- Move tiles upwards so that the gap is on the third row. Move the tile at the bottom of the column being solved up into the gap, and move down the column, pulling down the middle piece from the top row onto it.
- Repeat steps c-e for the other middle tile of the column. All but the top tile of the chain has now been solved.
- Find the top tile of the chain. Manoeuvre it to the top row, and put it at the top of the column in the same way as step d.

**Phase 3:** Solve the remaining two columns.

The last two chains can be solved without sliding any of the tiles in
the other two chains. The tiles in the last two chains can move around in
a loop, either clockwise (left column up, right column down) or
anti-clockwise (right column up, left column down). This loop consists of
only 5 tiles; one tile in the top row and one tile in the bottom row can
stay in place. Once you are familiar with this, the last chains are not
very hard to solve.

- The steps below will solve the two remaining columns with the white chain in the right column. If you want to have the white chain in the left column then turn the puzzle upside down first.
- Solve the bottom tile of the left column. This is very easy. From now on this tile will never be moved.
- Loop the tiles until the white middle tile is in the top row. Leave the tile there, and loop the 5 remaining tiles until the bottom white tile lies in the second row of the right column, and the gap is next to it in the second row of the left column. Now loop the tiles to bring the bottom and middle tiles into position.
- If the top white tile lies in the third row of the left column, then move the loop clockwise, to bring the tile into the top half. Rearrange the three tiles in the top half, and move the loop anticlockwise, back into position.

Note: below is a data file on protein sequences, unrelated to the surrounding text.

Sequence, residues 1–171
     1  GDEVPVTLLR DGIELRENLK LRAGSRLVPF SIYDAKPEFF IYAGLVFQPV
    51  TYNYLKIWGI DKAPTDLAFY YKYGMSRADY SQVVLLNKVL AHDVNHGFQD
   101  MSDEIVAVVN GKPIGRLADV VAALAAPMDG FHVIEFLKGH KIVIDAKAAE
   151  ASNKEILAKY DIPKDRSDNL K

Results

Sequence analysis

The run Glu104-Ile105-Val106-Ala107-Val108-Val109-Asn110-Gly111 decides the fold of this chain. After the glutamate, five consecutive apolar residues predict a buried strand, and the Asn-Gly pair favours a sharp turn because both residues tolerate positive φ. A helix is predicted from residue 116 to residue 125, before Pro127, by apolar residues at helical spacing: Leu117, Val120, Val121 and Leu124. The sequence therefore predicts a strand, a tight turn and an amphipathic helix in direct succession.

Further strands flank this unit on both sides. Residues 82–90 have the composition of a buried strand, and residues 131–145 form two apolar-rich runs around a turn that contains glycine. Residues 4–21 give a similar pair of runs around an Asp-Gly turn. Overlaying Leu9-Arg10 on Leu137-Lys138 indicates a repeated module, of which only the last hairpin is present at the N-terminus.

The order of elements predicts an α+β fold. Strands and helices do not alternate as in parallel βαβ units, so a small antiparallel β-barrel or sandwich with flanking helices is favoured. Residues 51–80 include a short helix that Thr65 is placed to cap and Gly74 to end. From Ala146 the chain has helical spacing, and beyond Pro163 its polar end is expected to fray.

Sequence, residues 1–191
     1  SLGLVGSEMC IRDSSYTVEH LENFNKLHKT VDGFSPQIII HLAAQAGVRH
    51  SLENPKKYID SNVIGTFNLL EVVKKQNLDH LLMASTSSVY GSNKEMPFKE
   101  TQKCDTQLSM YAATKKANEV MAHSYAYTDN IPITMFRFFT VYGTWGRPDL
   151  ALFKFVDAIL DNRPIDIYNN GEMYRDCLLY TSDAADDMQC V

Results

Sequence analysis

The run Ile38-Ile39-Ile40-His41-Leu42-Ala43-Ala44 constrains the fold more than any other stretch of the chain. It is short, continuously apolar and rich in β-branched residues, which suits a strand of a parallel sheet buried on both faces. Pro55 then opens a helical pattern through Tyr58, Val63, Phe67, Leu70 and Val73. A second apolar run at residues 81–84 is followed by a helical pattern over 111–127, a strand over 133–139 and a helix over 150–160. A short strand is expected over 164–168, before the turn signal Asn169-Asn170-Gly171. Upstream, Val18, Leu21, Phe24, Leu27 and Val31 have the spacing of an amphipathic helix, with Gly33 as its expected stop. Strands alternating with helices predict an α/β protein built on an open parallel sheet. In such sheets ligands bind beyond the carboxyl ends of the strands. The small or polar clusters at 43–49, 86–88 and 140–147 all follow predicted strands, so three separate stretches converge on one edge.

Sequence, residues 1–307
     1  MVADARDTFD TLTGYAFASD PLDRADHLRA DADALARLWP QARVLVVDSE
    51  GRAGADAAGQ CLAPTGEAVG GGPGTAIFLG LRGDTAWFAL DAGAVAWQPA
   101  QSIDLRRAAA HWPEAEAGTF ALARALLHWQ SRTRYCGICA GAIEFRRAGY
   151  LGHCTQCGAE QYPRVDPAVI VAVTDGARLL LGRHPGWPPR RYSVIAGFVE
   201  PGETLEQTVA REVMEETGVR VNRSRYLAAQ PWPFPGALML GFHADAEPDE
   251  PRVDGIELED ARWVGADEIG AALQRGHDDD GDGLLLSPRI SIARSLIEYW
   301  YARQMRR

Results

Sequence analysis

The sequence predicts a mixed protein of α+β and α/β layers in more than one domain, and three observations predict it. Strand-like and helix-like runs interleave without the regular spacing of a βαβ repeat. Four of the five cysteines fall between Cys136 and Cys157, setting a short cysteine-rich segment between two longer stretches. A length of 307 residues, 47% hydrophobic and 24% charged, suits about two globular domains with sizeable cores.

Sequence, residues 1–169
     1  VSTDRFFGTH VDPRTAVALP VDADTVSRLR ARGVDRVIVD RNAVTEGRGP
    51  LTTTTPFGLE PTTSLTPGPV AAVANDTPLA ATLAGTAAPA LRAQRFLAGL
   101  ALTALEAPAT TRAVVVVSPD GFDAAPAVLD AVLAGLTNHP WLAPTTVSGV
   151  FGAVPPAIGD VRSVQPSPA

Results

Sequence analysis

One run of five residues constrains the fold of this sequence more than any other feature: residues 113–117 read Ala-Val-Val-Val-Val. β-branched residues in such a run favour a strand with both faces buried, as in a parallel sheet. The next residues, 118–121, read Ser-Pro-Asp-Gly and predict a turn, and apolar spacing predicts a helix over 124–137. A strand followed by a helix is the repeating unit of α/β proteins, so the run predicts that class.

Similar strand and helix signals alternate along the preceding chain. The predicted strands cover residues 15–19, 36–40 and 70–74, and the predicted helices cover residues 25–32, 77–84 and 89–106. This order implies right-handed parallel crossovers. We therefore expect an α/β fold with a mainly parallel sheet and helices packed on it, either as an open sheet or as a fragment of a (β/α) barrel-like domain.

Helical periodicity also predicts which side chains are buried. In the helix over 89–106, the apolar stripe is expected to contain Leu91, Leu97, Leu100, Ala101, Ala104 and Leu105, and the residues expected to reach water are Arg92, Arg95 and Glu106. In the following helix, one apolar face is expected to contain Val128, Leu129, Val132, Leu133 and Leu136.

- The top white tile must now lie somewhere in the top half, and the three tiles in the top half can be rearranged to solve the white chain completely, with the gap above it in the right column.
- If the left column is not yet solved, then loop the tiles clockwise, so that the two middle tiles and the top tile lie in the top half of the puzzle. Rearrange the three tiles so that the top tile lies at the top left, and the gap in the top right. Loop the tiles anti-clockwise, leaving the top tile in place, and the puzzle will be solved.

**Note:** About the parity problem.

This puzzle has a parity problem just like any other with square sliding
tiles. It is impossible to swap two tiles without moving any other tiles
to a different position. This puzzle has identical tiles, so two pieces
can be swapped if two identical tiles are swapped also. In the solution
above the parity problem was not really visible because two identical tiles
were solved last. Another way to solve the problem is by turning the top or
bottom layers a quarter turn, and re-solve the tiles that were moved. The
turn is a 4-cycle, which is an odd permutation, and so this is another way
to swap two tiles. This method is also used in the Babylon Tower.